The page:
back to article Auction opens for rare single letter net domain

The auction of a rare single-letter domain – – has just hit the interwebs, with bids reaching $16,500 in the first 90 minutes. The sale is advertised on the domain itself, with the name pitched as the potential “home to your e-commerce site, education site, entertainment site” or even “to showcase your company's plan to …


This topic is closed for new posts.
  1. Disco-Legend-Zeke

    Probably Most People...

    ...will assume a typo and type .com.

  2. Anonymous Coward
    Anonymous Coward


    the recent opening of the top level domains to non-latin characters has massively devalued the "rare" single character names.

    you could get a nice cheap alternative in è.co or é.co, ê.co ë.co etc

    if you were feeling particularly frivolous, even ə.ɔo

    1. Anonymous Coward
      Anonymous Coward

      Yeah, but who knows how to type 'em?

      Personally, though, I'd go for ░▒▓█▓▒░.com.

      1. Steve Roper


        Suppose I wanted to tell a friend about your strangely-named new website: how would I pronounce that?

        1. Anonymous Coward


          "░▒▓█▓▒░", obviously.

          1. Steve X

            say "░▒▓█▓▒░"

            Excuse me while I find a towel

  3. Anonymous Coward
    Anonymous Coward

    Big deal?

    I bought a single-letter domain like this myself a couple of years ago. Not by auction though - just through a registrar. It was by no means the last single-letter domain available in that specific ccTLD.... There are still odd ones around if you know where to look.....

  4. Anonymous Coward


    Oh look. An artificially scarce resource, abused by marketeers, conning gullible businesses into thinking it makes a jot of difference what their URL is.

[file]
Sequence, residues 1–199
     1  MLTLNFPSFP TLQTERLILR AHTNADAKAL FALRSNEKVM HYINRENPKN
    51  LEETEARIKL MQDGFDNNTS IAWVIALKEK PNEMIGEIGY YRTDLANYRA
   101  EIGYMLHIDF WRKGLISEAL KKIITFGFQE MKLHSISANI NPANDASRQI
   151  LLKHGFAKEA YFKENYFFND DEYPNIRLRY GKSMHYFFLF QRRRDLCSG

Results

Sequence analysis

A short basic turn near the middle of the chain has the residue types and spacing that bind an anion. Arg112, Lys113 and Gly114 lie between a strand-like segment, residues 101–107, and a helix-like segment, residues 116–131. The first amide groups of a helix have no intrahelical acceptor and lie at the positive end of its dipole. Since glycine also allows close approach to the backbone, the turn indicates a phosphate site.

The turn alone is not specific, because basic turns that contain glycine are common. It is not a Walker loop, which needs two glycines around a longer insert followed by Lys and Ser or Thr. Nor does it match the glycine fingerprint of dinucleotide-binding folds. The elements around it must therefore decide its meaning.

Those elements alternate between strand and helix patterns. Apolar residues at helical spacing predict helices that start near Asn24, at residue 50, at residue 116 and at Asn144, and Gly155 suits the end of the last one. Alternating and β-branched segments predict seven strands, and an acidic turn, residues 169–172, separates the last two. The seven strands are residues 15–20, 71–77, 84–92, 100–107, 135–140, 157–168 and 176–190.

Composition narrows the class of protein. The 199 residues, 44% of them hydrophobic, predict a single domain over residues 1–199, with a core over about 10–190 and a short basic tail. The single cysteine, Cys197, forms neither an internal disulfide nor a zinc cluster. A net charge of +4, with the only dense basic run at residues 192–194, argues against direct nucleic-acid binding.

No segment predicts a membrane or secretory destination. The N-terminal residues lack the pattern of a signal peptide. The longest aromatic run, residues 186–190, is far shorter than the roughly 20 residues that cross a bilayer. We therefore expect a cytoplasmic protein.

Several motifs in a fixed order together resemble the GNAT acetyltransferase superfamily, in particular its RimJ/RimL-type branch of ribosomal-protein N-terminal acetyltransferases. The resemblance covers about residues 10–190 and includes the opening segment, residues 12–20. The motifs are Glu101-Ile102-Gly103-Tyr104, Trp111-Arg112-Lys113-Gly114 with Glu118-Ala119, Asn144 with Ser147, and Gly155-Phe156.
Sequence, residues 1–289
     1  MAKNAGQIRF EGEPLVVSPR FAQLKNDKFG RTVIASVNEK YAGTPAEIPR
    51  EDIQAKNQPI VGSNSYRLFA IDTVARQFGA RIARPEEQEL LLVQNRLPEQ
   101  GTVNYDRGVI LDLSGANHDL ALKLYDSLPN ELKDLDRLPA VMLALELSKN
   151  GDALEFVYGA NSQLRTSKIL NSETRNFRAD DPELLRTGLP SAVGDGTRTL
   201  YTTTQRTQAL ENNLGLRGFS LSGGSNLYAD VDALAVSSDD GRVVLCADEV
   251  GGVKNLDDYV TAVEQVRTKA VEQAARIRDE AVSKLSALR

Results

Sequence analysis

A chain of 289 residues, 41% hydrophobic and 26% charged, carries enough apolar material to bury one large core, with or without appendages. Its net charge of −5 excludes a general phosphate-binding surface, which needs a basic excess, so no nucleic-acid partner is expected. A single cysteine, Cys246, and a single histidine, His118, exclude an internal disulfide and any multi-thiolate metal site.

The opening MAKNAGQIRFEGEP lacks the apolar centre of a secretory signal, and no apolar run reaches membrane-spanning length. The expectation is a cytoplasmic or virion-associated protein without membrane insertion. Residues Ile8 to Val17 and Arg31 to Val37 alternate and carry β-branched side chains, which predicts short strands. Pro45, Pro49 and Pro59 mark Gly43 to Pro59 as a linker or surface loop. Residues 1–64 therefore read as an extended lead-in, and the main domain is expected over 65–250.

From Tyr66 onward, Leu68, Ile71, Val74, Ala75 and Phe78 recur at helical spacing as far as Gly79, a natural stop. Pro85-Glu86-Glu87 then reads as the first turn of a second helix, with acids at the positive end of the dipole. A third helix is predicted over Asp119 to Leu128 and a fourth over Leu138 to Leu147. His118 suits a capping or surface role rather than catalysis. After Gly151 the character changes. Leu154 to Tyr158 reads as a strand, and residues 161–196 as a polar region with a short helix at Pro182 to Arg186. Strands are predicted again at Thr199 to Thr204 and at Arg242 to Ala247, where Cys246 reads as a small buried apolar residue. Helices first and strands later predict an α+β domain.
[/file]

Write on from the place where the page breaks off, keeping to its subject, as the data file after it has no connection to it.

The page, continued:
The DNS is a marvellous construct run by conmen.

    1. Steve Roper

      Yes, that was my attitude

      until I ran into a cybersquatter who put his case very eloquently. His argument ran something like this:

      "It's not a scam. It's as perfectly legitimate a business enterprise as real estate. There's a recognised market for domain names, that people are willing to pay for. Short, easy-to-remember domains are like shops on a high street; high-rent, because they get a lot of traffic. People do type in these domains just to see what's there, and that incidental traffic has a monetary value, just like the hundreds of cars seeing your high street shop as they drive past have monetary value. That's why you pay more rent for a shop on a main road, see? Now long, complicated domains are like shops in a back street. Those who look specifically for what you sell might know where to look, but you get no traffic, so it's worth less, see, just as a strip-shop in the 'burbs is worth less than one on a main road. You with me so far?

      "OK, now, consider this. Suppose you were walking along one day, and you saw an empty shop in a row of shops on a main road where the rent is $500 a week. You inquire about it, and you find the shop is for sale - for $20. No scam, completely legit, legal title deeds and all - 20 bucks. Can you honestly tell me you wouldn't buy that shop at that price and rent it out for $500 a week if you had half a chance?"

      I replied, "Well... of course I would." As you would.

      He said, "Exactly. So now tell me how you buying that shop so cheap and leasing it for that 'extortionate' rent is any different from what I do as a domain investor?" (He didn't like the term 'cybersquatter')